The food is simple American food, done in a gorgeous dining room and presented in a new way. First things first, the bacon and egg salad caught my eye--a no brainer American cousin of the Lyonnaise Salad. Baby spinach tossed with a warm bacon vinaigrette and big chunks of bacon, topped with a poached egg and a sprinkle of sea salt. The key in a salad like this is that the egg be poached perfectly and the vinaigrette warm, but not so hot that it wilts the spinach. You could even use the less expensive, more flavorful ‘regular’ spinach--it's got a lot of flavor, and in this salad of huge flavors it would be welcome. Great tangy vinaigrette and bacon fat--mmmm--and that great moment of breaking the egg--something that can only be done once, and then it’s done, like cracking into a creme brulee or popping a champagne cork, so special and momentous every time it happens. This egg was, in fact, cooked perfectly, and it made that moment a great one...the yolk oozed down over the salad and into the vinaigrette, and with a hunk of bread, it was a delight to eat, and so simple: bacon, egg, spinach, vinegar, salt. It reminded me of a salad I love to make at home--cut some lardons, render the fat out and get the bacon crispy, quarter red onions (that’s right, nice big chunks), sauté the onions for a bit, then throw in some pine nuts and thyme; deglaze the whole thing with a good vinegar (which, by the way, is so easy and delicious to make at home) and pour it all over a big bowl of arugula you cut from your garden while the onions cooked. Toss it all together; the fat and vinegar make the dressing, and now you’ve got all these great bits of garnish in there as well. This is a whole meal with the bread you baked; simple and cheap, relative to a more traditional “entree” type meal.
Other things I tasted were also good, like a lamb ragout with a fat, thin pappardelle noodle (strange description, isn’t it? But you get it...), the lamb braised well for a long, long time, but not too much--I always hear the voice of a chef at my school explaining that YES, it is possible to overcook something in a braise. I think that often times, cooks think that since something is cooking in a pot full of liquid, the meat will never dry out. That’s not the case, and if you have ever had pulled pork overly dependent on boring, sugary ‘barbecue’ sauce, you know what I mean. The key is to hit the window of succulence with something that you are cooking the hell out of. And a truly well done braise is special. As demonstrated in this picture of a man I made out of braised pork.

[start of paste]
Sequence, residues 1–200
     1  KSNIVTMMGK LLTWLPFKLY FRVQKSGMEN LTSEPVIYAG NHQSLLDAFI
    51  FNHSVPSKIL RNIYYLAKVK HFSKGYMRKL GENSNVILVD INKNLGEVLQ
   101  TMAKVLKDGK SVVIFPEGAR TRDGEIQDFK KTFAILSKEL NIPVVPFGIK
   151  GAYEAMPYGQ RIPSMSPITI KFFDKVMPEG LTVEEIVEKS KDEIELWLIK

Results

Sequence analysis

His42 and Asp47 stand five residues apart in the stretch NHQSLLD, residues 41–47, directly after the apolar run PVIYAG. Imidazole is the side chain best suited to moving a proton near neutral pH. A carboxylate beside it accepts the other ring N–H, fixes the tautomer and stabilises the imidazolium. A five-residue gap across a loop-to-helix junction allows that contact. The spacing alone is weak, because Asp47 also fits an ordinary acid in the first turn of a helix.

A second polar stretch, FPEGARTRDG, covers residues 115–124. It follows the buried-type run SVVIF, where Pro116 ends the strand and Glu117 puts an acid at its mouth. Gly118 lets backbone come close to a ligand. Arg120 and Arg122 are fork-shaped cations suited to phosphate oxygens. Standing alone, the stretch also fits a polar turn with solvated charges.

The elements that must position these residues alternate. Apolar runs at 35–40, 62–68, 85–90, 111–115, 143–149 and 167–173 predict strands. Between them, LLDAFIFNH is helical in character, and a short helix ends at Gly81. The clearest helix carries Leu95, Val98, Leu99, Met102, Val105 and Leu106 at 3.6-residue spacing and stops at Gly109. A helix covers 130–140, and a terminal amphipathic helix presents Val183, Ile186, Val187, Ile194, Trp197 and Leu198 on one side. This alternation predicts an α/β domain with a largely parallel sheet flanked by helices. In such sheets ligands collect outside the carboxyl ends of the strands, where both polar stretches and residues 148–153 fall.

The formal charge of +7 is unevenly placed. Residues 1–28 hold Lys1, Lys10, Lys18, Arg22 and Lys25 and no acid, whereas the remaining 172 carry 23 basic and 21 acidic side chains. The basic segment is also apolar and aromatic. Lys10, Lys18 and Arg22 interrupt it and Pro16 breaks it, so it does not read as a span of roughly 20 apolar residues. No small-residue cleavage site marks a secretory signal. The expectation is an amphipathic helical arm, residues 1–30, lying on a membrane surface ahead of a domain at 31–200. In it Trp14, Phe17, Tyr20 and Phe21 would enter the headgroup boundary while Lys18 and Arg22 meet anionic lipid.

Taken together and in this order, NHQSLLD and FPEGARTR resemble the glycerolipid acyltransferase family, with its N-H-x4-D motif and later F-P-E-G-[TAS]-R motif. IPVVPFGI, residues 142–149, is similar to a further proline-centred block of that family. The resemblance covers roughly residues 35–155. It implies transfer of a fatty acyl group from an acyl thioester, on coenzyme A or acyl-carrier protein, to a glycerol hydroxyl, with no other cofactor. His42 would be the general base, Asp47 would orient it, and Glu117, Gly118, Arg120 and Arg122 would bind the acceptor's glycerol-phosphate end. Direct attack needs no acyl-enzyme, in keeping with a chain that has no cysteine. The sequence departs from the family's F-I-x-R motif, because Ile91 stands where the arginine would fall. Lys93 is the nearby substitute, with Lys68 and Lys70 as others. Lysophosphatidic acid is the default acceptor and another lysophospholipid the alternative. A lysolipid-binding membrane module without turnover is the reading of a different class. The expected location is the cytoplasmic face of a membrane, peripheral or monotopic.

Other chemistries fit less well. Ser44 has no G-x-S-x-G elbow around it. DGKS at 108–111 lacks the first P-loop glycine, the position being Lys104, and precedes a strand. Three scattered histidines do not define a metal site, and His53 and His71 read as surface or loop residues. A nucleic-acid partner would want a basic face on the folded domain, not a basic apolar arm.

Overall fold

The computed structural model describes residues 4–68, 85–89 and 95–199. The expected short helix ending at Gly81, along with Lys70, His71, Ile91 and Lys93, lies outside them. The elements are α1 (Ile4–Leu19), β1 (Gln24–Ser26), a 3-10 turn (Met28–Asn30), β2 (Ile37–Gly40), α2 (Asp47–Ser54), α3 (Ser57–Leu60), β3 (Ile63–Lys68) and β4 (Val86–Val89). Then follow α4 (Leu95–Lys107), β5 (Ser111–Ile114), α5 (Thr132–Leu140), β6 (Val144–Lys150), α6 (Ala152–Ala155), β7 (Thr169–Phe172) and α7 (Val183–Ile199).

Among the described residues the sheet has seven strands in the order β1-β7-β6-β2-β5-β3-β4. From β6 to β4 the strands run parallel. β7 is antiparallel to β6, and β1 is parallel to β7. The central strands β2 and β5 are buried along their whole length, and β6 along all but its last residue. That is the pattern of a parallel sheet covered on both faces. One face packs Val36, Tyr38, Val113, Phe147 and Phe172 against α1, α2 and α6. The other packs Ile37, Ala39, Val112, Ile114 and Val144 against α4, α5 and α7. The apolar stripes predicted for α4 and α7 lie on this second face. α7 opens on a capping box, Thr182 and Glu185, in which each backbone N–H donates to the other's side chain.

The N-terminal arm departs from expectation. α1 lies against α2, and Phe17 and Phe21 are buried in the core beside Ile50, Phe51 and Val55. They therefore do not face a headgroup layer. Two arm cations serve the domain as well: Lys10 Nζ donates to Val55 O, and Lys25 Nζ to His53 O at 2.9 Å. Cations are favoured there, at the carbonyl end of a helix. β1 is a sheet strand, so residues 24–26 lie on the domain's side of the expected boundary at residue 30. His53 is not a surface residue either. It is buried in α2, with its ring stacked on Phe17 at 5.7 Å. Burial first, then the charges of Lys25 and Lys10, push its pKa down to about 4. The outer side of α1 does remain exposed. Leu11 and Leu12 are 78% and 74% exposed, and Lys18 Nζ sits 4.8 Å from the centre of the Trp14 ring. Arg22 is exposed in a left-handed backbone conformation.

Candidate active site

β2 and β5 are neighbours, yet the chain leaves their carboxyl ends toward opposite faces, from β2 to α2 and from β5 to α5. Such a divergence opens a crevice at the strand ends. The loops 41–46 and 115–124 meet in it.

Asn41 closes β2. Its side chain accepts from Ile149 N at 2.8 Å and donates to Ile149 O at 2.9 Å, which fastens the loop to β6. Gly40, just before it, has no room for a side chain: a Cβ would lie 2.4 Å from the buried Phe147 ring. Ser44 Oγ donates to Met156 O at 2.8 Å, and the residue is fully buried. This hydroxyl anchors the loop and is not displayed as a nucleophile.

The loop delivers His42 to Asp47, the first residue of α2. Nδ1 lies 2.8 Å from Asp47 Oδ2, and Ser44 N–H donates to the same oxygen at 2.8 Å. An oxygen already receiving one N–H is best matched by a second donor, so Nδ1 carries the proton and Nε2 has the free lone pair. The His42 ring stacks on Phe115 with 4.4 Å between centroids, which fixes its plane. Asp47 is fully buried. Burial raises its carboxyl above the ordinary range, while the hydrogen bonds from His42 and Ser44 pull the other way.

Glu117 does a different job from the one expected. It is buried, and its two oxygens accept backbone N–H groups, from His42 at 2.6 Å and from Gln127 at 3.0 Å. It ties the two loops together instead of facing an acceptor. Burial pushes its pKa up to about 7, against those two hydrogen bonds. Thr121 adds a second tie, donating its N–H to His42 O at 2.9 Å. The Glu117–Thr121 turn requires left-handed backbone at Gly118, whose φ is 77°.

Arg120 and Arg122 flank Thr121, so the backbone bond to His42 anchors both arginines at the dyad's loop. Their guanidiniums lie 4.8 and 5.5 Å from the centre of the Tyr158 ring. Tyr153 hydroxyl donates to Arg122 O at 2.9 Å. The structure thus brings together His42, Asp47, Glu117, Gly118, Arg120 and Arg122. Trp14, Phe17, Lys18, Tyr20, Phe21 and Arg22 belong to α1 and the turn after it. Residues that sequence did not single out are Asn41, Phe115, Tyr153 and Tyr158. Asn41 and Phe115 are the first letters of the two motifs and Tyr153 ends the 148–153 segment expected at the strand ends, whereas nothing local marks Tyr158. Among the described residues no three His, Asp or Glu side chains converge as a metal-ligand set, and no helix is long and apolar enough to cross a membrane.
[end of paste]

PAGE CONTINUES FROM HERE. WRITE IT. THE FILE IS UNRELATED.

Of the desserts, a greek yogurt panna cotta was interesting; the thick yogurt offers a stability that lessens the need for gelatin--something that is so often used too heavily in panna cotta, resulting in rubbery cream, as opposed to that firm but meltingly unctuous texture of a really good one. The yogurt also lends a nice tang, and though this dessert is topped with a salad of citrus, the yogurt’s sourness adds a bit of diversity and complexity to the dessert’s flavors.
Needless to say, this was all I ate all day yesterday (I didn’t mention the truffle butter hamburger, apple dumpling, or wonderfully rich, soft, and smooth Camembert, either) and I feared for my traveling fitness: as I write this, I am on a plane to San Francisco to see my brother and do some serious eating and drinking (it is, after all, strong beer month in San Francisco). How does an unemployed guy afford a trip to San Francisco, you ask? Well, he has a brother with a million frequent flier miles, that's how.
Yesterday’s tasting followed a pretty heavy weekend also, as an old friend was in town and there was a lot of heavy eating: I made dinner (the Tuscan heavy sausage-stuffed chicken legs, white beans, braised kale and roasted potatoes) and we ate at the Hop Leaf (which by the way, has a mind blowingly good sweetbread dish right now with apples and beans, all sort of fricasseed together, accompanying the always wonderful ham sandwich and brisket sandwich). These two meals were bookended by the obligatory “visiting friend visit” to said Hopleaf for a sort of "opening ceremony of indulgence" beer session (I think at some point that night I was caught snatching the final piece of pizza next door at the Blue Bathroom (I’ll have to explain the BB in another post) via the oft-tried, seldom accomplished technique of putting the entire last piece into one’s mouth at once in order to stun competition into submission, amazement and, more frequently, disgust), and the exploration of a new place (new to me only, it’s been there for at least ten years and I just never knew) that sells really good beer (from brewers like Three Floyds and Lagunitas) for 2 bones a pint on Tuesdays. Unreal. The point here, the way I see it, is that I have trained well for a tour of duty (that duty being eating and drinking) in San Francisco with a guy who plans his trips to Chicago based on how many meals can be (un)reasonably squeezed into each day. We once ate a Gyros on the way to the Hopleaf (by the way, I fully recognize that I’m really, really talking about the Hop a lot, but I suppose it can’t really be avoided; asking me to shut up already about the Hop Leaf would be like asking Willie Mays to stop talking about stealing bases), where we drank several beers which, naturally, led us to order frites; all this, incidentally, was a kind of eye-opener on the way to Moody’s Pub for burgers.
I suppose I can see how this all makes me sound like a huge fat pig; I suppose in some respects I am. But this isn’t just about shoving gruel into my gullet; all this food really means something. And being able to experience it all, with others who care, whether in a great city like San Francisco or my home Chicago, or numerous other places (wait until I tell you about the Iowa State Fair!), makes me a lucky, happy huge fat pig. You know?